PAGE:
Moriya class sailing corvette:
After Koko no Kaigun was established in 1876, the newly formed naval staff immediately asked for new ships to replace the hoplessly obsolete twelve sailing ships that formed what was colloquially called "Marikouji patchwork fleet". An order was thus put abroad fot two mixed sail-steam ships, which was picked up by the German AG Vulcan yard in Stettin. Built between 1877 and 1882 the two ships were of a modified design based on that of the Bismarck class that was being built in Germany at that time. The hull was of a mixed construction, with iron frames and wooden planks. It was 82,5m long overall -excluding the bowsprit-, 13,7m abeam and had a maximum draft of 6,3m aft for a displacement of 2.947 T. Four boilers powered a single 3-cylinder steam engine that drove a single propeller, enough to push the ship to a maximum speed of 12,5 knots. As a secondary propulsion mean the ships were fitted with a full rig of sails that could complement the steam engine or replace it altogether (Both funnel and forward searchlight platform were retractable for this reason). armement was made of sixteen 150mm guns, four 88mm ones and two 37mm revolving cannons. complement was 404 officers and men.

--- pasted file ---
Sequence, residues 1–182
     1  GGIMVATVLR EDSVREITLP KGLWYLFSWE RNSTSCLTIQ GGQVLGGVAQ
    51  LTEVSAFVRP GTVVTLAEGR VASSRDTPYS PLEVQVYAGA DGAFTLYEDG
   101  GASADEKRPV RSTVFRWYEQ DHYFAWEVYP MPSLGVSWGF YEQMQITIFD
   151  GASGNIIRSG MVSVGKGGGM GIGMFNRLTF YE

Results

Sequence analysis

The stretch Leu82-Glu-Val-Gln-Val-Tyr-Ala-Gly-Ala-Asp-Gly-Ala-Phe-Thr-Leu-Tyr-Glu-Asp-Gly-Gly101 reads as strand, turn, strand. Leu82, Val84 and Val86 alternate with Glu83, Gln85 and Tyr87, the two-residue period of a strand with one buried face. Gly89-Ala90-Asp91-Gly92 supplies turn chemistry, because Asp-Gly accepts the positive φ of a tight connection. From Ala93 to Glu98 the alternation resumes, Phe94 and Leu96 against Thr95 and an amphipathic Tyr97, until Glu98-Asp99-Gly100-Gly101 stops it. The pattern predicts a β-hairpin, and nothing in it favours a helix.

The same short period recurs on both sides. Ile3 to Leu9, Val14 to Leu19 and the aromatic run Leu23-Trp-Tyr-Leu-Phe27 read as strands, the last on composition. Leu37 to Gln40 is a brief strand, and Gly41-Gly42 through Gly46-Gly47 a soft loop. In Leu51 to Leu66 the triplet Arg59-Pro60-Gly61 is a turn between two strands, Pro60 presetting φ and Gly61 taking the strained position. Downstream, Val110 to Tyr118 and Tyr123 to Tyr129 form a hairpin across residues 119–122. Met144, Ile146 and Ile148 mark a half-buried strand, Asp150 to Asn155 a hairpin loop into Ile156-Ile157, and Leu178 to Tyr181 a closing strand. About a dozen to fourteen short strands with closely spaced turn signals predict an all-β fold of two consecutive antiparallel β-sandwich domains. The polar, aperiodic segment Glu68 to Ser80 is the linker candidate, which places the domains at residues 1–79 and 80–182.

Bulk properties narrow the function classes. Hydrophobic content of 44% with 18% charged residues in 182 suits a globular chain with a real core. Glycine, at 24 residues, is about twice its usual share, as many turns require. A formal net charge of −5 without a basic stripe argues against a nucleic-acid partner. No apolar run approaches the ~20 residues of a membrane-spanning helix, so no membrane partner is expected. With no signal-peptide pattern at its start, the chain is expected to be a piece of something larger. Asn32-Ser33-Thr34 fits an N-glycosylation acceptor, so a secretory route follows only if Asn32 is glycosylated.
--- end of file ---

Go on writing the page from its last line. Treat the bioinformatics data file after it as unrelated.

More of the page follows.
The lead ship, Moriya, was commissioned and delivered to Koko no Kaigun in 1880, with her sister Yamada following in 1882. They both served as fleet flagship in 1880-1882 and 1882-1885 respectively. both inerted the bad performance and manouverabiliy of their German half-sister when sailing solely under wind. They were regarded as good seaboats otherwise, and at the moment of commissioning they were by a long shot the most advanced units in the fleet
Rapid naval design progress and the commissioning of new units into the fleet made the two corvettes quickly obsolete however. In the 1890s both were refitted, entierely removing the sail rig, being fitted with a new bridge, and repainted. Moriya underwent such works between 1892 and 1893, Yamada followed in 1894-95.
Despite this, the two sisters were growing more and more obsolete as days, let alone years, passed. Moriya was decommissioned and scrapped in 1905, Yamada was converted into a training ship in 1907 gaining a few more years of service. During works the original armament was removed and replaced by ten 105mm guns, four 76mm, six 47mm ones. Extra deckhouses were added to allow to carry as much as 528 officer and cadets.
Ultimately, Yamada was finally decommissioned 1914 and scrapped shortly thereafter.
Ships in class: (laid down-launched-commissioned - fate)
Moriya 1877-1879-1880 - Decommissioned 1905
Yamada 1879-1881-1882 - Training ship 1907, Decommissioned 1914